Day 1 – Tokyo
On July 15th
, I flew from Vancouver to Narrita arriving on July 16th
in the early evening. At this point I did not have a plan, no guidebook of Japan or Tokyo, nor was any hotel booked, so I spent the next 2 hours on Wi-Fi figuring stuff out.
I got the train into Tokyo and transferred to my hotels stop. I stayed at Ace Inn. I checked into the hotel, got my dormitory capsule bed, and crashed for the night.
Day 2 – Tokyo
I woke up at 4am, wide awake because of jet-lag. I killed some time before heading out to the Tsukiji Fish Market. It is said to be the largest fish market in the world. I arrived there too late at 5:30am, as the big Tuna Auction was already underway (and thus closed for entry). Most of the fish market was closed until 9am, as I found out as a smiling security guard escorted me off the premises. So in the future, either arrive before 5am or after 9am. The market was busy as this is the time
most of the buying and selling is down, largely wholesale.
I left and navigated myself to the Ginzo area, which is apparently the high market part of town with all of the upscale stores. Given that it was about 7am at this point, not much was going on and no stores were open. I wandered further towards the main Tokyo train station and I decided to try and visit the nearby Mitsubishi Ichigokan museum. It was about 7:30 am by this point but the museum opened at 10:30am so I gave up on that idea. So far bad timing on my first three ‘sights’.
I headed back down to near the fish market, to a nearby garden, Hama-rikyū-teien, I noticed on the map. This one was open, thankfully. I paid the 300 yen and even got a little GPS-based audio guide. It would automatically start the audio/video clip as you got near one of the markers. It would even ping you if you were going off-route, and could show you exactly where you were on the map of the garden, although sometimes it was up to 20m off.
The garden was
an open-style Japanese manicured garden. Cut grass, artificial mounds of dirt that they even gave names (always as “Mount ______”), ponds with fish, groomed trees and the whole bit. The highlights were a very old pine largely held up by supports (common to do in Japan), a duck hunting canal using trained tame ducks to lure wild ones, and a tea house on an island in the lake.
I headed back to the fish market to see the main areas. It was bustling with activity. Countless motorized flatbeds where whirring about, while owners hawked their wares, from fish of all sizes to various molluscs and crustaceans to a number of things I had no clue what they were.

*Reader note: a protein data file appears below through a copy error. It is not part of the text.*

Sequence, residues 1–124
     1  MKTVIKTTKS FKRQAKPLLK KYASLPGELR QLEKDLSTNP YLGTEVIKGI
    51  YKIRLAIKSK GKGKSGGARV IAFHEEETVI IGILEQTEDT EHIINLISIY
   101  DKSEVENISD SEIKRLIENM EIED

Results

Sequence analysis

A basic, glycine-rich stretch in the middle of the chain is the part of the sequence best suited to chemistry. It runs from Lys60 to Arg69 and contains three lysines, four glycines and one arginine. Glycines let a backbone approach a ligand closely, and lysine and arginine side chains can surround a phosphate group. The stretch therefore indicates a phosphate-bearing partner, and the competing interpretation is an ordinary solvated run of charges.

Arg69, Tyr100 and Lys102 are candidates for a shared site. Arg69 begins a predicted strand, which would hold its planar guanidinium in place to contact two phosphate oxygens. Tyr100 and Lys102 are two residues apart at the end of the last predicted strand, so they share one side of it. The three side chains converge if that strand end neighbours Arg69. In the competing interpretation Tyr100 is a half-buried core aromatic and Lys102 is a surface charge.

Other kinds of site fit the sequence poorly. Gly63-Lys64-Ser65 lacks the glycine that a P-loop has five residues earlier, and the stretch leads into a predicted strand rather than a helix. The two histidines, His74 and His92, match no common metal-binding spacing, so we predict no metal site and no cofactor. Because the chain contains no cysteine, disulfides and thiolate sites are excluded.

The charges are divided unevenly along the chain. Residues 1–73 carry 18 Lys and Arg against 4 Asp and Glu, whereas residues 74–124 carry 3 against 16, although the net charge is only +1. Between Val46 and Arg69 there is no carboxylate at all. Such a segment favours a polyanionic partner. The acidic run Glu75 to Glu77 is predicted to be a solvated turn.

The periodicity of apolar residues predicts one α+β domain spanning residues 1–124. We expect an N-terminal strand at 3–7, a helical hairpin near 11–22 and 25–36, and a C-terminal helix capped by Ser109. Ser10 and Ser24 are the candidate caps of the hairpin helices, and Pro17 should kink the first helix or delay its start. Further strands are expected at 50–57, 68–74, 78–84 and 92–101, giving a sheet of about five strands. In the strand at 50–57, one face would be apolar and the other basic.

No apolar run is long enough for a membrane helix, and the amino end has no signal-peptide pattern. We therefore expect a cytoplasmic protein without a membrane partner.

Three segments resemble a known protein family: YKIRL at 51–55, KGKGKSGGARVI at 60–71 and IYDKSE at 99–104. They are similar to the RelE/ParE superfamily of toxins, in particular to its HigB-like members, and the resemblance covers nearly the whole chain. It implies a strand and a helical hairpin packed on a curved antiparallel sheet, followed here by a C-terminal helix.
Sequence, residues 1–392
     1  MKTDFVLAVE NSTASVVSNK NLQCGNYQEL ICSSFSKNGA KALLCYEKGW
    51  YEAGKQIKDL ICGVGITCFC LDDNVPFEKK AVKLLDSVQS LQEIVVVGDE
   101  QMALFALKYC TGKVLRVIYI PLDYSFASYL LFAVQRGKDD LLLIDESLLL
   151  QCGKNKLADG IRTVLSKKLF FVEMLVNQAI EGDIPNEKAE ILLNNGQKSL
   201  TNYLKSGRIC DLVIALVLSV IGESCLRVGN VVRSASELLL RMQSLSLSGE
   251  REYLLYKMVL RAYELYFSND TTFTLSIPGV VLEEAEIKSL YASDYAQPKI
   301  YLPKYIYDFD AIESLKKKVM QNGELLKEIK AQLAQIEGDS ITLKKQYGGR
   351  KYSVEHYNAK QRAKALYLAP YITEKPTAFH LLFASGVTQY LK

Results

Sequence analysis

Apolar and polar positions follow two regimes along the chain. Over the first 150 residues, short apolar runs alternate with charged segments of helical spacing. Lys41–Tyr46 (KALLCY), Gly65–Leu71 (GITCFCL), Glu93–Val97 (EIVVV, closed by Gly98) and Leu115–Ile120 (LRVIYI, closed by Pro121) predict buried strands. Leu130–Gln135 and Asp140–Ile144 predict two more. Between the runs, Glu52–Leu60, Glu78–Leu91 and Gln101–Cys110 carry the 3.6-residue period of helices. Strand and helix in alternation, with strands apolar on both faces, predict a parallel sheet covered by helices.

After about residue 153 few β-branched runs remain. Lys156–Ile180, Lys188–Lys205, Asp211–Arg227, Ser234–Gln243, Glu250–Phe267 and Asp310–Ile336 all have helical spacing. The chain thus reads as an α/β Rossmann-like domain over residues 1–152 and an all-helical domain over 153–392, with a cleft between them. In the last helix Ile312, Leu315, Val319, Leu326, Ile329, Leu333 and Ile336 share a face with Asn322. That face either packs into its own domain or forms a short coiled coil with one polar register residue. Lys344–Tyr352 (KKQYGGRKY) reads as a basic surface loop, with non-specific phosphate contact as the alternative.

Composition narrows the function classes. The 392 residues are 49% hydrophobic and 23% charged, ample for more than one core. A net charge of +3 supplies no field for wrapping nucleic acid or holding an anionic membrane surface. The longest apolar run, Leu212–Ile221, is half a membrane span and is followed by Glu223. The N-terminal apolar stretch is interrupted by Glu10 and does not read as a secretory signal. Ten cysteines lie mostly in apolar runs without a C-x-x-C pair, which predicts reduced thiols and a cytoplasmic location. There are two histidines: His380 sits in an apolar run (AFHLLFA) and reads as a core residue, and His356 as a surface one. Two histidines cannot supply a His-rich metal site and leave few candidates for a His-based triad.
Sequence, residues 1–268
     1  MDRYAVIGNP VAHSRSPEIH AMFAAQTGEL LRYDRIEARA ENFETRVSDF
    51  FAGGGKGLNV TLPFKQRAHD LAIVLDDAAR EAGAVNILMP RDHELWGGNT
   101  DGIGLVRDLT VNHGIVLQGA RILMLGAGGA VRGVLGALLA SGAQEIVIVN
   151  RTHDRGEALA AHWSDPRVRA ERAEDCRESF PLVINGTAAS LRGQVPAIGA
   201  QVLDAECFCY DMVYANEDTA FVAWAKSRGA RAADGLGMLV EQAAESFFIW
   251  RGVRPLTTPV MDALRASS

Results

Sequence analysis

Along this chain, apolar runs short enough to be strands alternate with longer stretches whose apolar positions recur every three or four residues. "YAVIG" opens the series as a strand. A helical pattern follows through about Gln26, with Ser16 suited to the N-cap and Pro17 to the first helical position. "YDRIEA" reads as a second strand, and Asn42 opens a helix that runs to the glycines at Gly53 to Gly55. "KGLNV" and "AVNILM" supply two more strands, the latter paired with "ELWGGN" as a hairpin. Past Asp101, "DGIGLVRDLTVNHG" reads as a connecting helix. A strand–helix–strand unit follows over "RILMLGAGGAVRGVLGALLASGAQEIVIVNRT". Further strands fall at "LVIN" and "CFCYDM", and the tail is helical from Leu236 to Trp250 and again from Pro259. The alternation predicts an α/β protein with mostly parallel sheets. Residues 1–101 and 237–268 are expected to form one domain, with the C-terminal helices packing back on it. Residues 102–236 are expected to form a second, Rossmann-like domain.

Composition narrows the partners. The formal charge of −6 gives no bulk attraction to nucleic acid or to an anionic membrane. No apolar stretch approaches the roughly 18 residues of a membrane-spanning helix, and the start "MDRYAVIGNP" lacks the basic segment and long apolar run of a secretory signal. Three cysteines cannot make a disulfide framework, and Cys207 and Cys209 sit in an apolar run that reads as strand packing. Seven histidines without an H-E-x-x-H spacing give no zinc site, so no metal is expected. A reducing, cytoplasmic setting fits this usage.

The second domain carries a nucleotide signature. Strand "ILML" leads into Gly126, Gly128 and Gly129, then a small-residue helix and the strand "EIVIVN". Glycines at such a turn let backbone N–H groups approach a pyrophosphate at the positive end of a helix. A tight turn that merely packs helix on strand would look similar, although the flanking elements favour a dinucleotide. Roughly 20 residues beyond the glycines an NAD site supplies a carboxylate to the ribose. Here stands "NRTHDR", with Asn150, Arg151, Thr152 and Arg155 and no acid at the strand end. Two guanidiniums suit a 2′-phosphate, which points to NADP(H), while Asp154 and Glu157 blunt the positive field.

Making my way out, I headed back to Ginzo to catch the metro to go to Ueno. After arriving in Ueno, I ate lunch, and wandered into the nearby Ueno-kōen Park. It was a recreational park with large stone boulevards for walking through a wooded area. In a central area, several performers were doing their acts; some musicians and some jugglers. At the end of the park, was the Tokyo National Museum. Inside were several buildings
holding several exhibits, some permanent and some temporary. I opted for just the permanent exhibits. One building was devoted to non-Japanese Asian pieces, but considering I have been to every single one of those countries and seen museums there, I opted out. I did the main museum. There was the occasional English, but the vast majority had no English or just an English title like “bronze vase”. Pictures were not allowed, but I’m not terribly keen on taking pictures in museums anyways. It was 2 floors, with a couple dozen rooms. The more interesting rooms housed the samurai armour and swords, and some traditional kimonos. Several rooms contained scrolls or other such paper with Japanese scripts. But without any English description, they lacked any interest. Other rooms featured various tools, daily use items and ornaments.
When I was done, I headed back to the metro and took it to Shibuya which is famous for being the trendy shopping area with the centrepiece of Shibuya 109, a mall complex frequented by the most posh (and equally rich) young girls looking for the latest fashion. In front of the building was a famous crosswalk, where apparently 100 000 people
cross every day, although it wasn’t super crowded when I was there (mid-day, mid-week). I ventured into this building, but there wasn’t much for me to see, and I really felt out of place with the 1000’s of teenage Japanese girls. I kept on, and walked through some other shopping streets in the area, for the sights and pictures. Afterwards I headed back to the hotel for, unintentionally falling asleep at 6pm.
Day 3 – Tokyo